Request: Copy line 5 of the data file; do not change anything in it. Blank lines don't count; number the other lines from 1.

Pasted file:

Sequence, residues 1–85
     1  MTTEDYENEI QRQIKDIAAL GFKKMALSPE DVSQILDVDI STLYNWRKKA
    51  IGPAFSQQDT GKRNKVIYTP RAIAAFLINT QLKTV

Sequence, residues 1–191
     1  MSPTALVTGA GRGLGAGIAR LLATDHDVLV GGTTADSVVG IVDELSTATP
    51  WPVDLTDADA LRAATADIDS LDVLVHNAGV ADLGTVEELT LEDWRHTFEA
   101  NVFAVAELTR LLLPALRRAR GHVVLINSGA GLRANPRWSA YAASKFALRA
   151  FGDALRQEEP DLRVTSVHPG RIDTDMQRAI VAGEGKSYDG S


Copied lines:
     1  MSPTALVTGA GRGLGAGIAR LLATDHDVLV GGTTADSVVG IVDELSTATP